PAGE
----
To enter the huge new Museum of the Bible when it opens this fall just off the National Mall in Washington, D.C., you’ll have to go through Kansas City.
Not literally, but almost. That’s because the amazing 40-foot-tall bronze doors — a replica of the bed of Johannes Gutenberg’s press from which he printed the first mass-produced Bible in the world in the 1450s — are being milled and brought to life by skilled artisans at the A. Zahner Company near Ninth Street and The Paseo.
Zahner is internationally renowned for its architectural metalwork, and that reputation is also what added another local dimension to the project. Its development director, Tim Smith, is from here, too. He’s working with a staff out of an office at 47th Street and Rainbow Boulevard in Kansas City, Kansas, raising hundreds of millions of dollars for the eight-story, 430,000-square-foot museum.
But first, about the doors: At the large Zahner facility recently, I stood next to several panels with ornate Latin lettering. They will be part of a finished product that reproduces the first page of Genesis, and I asked the artist, Larry Kirkland of Washington, D.C., to explain what he designed.
“This is the printing bed that Gutenberg invented, which was one of the 10 most important technological advances of all time.” he said. The large letters milled out of a bronze base appear backward because, on a real flatbed press, they’d be inked and then either paper or vellum would be pressed down on them so they’d print right-side up.
For the first book printed in this way, Kirkland speculated that Gutenberg chose the Bible for economic reasons. At the time, he said, there was not much of a middle class.
“You had the super wealthy and you had the poor. The poor didn’t read. The super wealthy read, but their Bibles and all of their other books were handmade,” he said. “Within a decade of (Gutenberg’s) press, this technology had spread to Italy, Holland and Germany.”
By the time Martin Luther inadvertently started the Protestant Reformation in 1517 in Germany, he was able to use such presses to scattershot his message of church reform.
Kirkland said the doors contain a “religious message, but it’s also the human message of innovation, creativity and technology, and what that did to disseminate the Bible and the ability to learn. In some ways that’s what thrills me the most.”
Between the bronze doors, the entrance will have glass doors on which will be printed the 19th Psalm in ancient Greek, replicated from what’s called the Bodmer Papyri, discovered in Egypt in 1952 and named after Martin Bodmer, who bought them.
The whole effect should be breathtaking.
“The thing we don’t do is try to proselytize. We don’t really care what you believe about the Bible.” — Tim Smith, development director
I asked Kirkland how he hoped people entering the museum would react: “I’d like their reaction to be, ‘What is this?’ And ‘I don’t recognize these letters here because they look backward. So what’s this really all about?’ There’s a deeper story here than something that’s just decorative. I think it’s a discoverable moment and a teachable moment.”
The people behind the museum hope for a similar reaction to the opportunity to learn about the Bible and its history.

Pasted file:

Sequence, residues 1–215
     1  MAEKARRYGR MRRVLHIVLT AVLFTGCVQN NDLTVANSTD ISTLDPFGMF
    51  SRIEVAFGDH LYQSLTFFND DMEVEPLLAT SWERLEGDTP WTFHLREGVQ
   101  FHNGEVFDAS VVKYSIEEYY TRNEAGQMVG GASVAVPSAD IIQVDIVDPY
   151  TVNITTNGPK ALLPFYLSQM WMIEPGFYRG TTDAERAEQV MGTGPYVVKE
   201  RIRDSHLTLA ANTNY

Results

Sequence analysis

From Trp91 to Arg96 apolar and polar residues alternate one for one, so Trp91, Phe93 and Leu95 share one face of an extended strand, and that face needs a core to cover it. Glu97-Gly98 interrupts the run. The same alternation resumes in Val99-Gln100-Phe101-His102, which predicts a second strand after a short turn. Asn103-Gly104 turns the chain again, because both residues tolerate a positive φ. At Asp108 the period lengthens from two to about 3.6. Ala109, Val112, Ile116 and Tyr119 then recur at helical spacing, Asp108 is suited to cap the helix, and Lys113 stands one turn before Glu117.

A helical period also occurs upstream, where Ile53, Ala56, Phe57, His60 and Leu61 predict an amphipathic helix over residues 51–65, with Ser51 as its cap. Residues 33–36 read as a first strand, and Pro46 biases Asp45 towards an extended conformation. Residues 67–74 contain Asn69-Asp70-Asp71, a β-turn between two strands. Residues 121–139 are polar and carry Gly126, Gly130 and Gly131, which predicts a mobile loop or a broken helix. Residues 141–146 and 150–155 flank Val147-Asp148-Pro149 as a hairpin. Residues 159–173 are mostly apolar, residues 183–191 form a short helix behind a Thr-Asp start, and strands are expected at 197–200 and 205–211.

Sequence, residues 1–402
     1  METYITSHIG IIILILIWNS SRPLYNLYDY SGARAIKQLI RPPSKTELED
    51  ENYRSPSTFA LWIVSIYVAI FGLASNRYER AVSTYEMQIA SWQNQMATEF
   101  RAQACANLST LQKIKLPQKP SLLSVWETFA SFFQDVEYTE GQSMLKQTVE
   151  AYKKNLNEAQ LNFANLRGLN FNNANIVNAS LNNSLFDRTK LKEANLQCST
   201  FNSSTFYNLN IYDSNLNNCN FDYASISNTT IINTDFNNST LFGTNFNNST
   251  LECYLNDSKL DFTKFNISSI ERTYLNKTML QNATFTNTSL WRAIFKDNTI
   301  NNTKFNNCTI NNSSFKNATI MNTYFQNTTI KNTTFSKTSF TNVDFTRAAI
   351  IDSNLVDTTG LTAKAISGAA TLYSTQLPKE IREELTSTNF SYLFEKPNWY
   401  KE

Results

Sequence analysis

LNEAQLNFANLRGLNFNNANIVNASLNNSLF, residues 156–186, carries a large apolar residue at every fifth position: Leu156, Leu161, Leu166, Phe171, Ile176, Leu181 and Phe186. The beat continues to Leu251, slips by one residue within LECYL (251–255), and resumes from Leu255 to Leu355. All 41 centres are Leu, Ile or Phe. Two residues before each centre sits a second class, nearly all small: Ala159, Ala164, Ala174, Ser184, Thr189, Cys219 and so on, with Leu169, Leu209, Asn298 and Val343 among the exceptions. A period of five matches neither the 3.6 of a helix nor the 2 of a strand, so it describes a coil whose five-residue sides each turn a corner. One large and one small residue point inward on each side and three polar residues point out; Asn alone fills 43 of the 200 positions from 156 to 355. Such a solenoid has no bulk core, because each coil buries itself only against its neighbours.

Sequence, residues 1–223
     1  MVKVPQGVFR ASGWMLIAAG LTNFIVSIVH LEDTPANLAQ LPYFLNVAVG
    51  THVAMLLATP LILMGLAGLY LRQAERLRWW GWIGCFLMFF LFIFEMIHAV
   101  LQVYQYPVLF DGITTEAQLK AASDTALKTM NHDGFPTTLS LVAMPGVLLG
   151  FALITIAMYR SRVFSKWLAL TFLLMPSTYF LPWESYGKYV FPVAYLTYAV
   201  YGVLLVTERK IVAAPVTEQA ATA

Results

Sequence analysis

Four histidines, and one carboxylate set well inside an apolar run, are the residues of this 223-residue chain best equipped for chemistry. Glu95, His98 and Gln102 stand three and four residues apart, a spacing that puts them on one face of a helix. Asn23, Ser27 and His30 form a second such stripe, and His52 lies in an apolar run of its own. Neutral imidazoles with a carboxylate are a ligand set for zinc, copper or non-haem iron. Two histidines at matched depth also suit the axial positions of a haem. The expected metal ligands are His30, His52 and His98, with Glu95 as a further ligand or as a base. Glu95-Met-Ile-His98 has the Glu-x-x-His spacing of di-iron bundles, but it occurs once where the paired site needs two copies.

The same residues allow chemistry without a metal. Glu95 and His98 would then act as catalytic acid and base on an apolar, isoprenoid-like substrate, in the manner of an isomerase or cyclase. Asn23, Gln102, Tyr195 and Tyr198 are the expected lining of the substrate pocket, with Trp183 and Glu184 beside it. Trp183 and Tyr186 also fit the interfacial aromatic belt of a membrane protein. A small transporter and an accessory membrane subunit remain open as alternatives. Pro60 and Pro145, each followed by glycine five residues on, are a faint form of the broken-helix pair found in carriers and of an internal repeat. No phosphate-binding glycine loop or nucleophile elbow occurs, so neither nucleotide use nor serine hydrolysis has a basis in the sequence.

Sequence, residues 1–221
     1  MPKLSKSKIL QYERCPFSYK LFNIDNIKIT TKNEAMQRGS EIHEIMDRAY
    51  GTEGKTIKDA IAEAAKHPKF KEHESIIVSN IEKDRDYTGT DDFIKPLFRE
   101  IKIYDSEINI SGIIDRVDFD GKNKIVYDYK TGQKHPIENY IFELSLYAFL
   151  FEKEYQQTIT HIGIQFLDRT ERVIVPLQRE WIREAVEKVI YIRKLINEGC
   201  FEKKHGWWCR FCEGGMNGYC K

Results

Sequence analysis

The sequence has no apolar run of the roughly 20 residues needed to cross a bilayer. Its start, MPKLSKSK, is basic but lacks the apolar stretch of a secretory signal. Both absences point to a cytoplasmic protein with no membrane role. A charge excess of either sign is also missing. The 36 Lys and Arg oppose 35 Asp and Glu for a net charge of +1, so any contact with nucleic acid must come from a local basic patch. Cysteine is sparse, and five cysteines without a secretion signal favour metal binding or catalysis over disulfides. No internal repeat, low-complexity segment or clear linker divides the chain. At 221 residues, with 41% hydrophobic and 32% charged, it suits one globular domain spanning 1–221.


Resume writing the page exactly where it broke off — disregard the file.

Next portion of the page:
“We want people of all faiths and people of no faith to engage with the Bible,” said Smith, who since April 2014 has created an e-mail list of nearly 500,000 and raised $600 million, including the original $500 million from Steve Green, museum founder and board chairman and president of Hobby Lobby.
“Many millennials have not been raised in church and they see the Bible as an ancient, irrelevant book,” he said. “What we’re trying to do through the history of the Bible and the impact of the Bible and the stories of the Bible is to present it in a way that it becomes central to our conversation.”
He added, “The thing we don’t do is try to proselytize. We don’t really care what you believe about the Bible. We just want you to engage with the book and figure it out for yourself.”
It would be understandable for people who know of Green’s own Pentecostal Christian theology to suspect that the museum would reflect that, similar to how the Creation Museum in Kentucky reflects a literalistic Christian fundamentalism. But Smith insists that Green has purposefully set aside his own religious agenda to work with Jews, Catholics and others to create a learning environment that will welcome all.
If, in fact, this museum becomes a reliable source of scholarly biblical information, it will help educate an American public that in many ways is biblically and theologically illiterate, despite Americans’ reputation as being quite religious. Religious literacy after all, is exactly what’s needed in a nation where adherents of many faith traditions (and none) work and live together. And it begins with Kansas City-made doors.
Clarification: This story has been revised to better reflect the amount of money already raised for the museum.
Bill Tammeus, a Presbyterian elder and former award-winning Faith columnist for The Kansas City Star, writes the daily “Faith Matters” blog for The Star’s website and columns for The Presbyterian Outlook and The National Catholic Reporter. His latest book is The Value of Doubt: Why Unanswered Questions, Not Unquestioned Answers, Build Faith. Email him at firstname.lastname@example.org.